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Acta Biologica Hungarica

, Volume 55, Issue 1–4, pp 65–70 | Cite as

Nitric Oxide Regulates the Levels of cGMP Accumulation in the Cricket Brain

  • H. AonumaEmail author
  • K. Niwa
Article

Abstract

Cricket brains were incubated in a saline containing nitric oxide (NO)-donor and phosphodiesterase inhibitor IBMX, which could activate soluble guanylate cyclase (sGC) to increase cGMP levels in the targets of NO. The increase of cGMP was detected by immunohistochemistry and enzyme linked immunosorbent assay. NO-induced cGMP immunohistochemistry revealed that many cell bodies of cricket brain showed cGMP immunoreactivity when preparations were treated with a saline containing 10 mM NO-donor SNP and phosphodiesterase inhibitor IBMX, but only a few cell bodies showed immunoreactivity when preparations were incubated without NO-donor. The concentration of cGMP in cricket brains were then measured by using cGMP-specific enzyme linked immunosorbent assay. Cricket brains were treated with a saline containing 1 μM of NO-donor NOR3 and 1 mM IBMX. The cGMP levels in the brain were increased about 75% compared to control preparations that was treated with a cricket saline containing IBMX. The level of cGMP decreased about 40% when preparations were incubated NOR3 saline containing sGC inhibitor ODQ. These results indicate that NO activates sGC and increases the levels of cGMP in particular neurons of the cricket brain and that the level of cGMP would be kept a particular level, which might regulate synaptic efficacy in the neurotransmission.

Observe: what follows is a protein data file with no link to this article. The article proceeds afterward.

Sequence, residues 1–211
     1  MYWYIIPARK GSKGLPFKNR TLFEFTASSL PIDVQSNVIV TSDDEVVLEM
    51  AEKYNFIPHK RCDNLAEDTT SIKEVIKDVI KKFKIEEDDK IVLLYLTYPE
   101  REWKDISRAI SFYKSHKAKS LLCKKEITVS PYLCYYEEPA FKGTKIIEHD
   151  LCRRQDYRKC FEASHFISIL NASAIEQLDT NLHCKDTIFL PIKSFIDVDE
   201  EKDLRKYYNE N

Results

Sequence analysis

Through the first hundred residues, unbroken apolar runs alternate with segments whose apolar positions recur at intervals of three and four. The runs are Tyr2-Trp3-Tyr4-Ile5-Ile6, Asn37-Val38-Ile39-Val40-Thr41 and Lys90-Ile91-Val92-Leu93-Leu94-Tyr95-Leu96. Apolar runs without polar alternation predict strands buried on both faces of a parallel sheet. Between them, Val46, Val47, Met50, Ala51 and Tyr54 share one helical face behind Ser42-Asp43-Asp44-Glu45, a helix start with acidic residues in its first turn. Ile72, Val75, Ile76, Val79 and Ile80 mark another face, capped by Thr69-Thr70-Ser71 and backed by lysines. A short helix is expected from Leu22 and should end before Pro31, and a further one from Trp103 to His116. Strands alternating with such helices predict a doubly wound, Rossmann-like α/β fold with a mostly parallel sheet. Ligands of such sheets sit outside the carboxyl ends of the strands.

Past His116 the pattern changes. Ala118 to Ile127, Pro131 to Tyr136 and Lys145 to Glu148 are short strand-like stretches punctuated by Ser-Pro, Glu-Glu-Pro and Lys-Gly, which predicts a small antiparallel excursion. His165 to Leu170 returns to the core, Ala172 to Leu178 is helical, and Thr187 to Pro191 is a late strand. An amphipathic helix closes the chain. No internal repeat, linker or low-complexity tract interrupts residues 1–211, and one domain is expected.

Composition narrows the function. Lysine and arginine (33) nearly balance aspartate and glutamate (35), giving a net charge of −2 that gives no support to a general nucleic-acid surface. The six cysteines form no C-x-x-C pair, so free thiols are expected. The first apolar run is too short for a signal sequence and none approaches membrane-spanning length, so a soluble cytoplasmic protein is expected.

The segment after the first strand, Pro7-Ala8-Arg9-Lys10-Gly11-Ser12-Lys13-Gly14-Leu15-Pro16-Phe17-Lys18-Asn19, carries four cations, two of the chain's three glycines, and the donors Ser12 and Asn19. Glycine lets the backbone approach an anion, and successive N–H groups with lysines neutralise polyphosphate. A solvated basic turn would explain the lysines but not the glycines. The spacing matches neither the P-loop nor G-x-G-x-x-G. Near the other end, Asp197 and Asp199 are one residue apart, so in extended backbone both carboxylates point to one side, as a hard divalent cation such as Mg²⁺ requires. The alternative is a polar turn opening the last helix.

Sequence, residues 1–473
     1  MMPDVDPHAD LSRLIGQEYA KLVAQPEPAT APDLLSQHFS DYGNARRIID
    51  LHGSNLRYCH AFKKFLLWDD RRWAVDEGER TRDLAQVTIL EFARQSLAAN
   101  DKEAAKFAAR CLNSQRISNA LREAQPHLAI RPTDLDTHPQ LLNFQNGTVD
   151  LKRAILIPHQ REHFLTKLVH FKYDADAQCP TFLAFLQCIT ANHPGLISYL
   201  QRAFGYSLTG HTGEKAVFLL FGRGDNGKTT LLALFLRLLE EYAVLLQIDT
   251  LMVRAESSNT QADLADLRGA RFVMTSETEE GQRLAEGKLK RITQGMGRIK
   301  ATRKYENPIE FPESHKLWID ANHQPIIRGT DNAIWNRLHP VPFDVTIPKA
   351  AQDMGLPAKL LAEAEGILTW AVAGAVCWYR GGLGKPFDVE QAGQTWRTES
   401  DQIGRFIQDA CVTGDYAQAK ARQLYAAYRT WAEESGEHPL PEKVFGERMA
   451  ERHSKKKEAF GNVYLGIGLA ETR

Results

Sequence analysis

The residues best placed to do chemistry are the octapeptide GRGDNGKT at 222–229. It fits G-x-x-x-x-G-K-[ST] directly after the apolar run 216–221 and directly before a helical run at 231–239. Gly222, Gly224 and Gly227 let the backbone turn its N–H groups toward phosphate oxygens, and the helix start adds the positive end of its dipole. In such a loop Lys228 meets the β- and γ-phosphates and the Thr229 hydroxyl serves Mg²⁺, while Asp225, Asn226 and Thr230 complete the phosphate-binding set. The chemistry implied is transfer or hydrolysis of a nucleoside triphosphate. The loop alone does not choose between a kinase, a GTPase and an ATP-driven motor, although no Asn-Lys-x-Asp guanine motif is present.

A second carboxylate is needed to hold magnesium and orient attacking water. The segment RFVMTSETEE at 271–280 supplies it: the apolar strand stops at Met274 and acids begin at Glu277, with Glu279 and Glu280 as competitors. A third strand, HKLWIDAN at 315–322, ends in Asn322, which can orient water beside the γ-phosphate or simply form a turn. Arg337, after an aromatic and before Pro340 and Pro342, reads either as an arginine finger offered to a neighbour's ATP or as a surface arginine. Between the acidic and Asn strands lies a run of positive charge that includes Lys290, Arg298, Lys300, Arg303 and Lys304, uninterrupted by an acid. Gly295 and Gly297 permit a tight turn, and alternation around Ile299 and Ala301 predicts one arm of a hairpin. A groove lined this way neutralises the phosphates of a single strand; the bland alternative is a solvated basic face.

Keywords

Insect brain cricket soluble guanylate cyclase nitric oxide cGMP 

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© Akadémiai Kiadó, Budapest 2004

This article is distributed under the terms of the Creative Commons Attribution 4.0 International License (http://creativecommons.org/licenses/by/4.0/), which permits unrestricted use, distribution, and reproduction in any medium, provided you give appropriate credit to the original author(s) and the source, provide a link to the Creative Commons license, and indicate if changes were made.

Authors and Affiliations

  1. 1.Laboratory of Neuro-Cybernetics, Research Institute for Electronic ScienceHokkaido UniversitySapporoJapan
  2. 2.Laboratory of Biofluid Dynamics, Research Institute for Electronic ScienceHokkaido UniversitySapporoJapan

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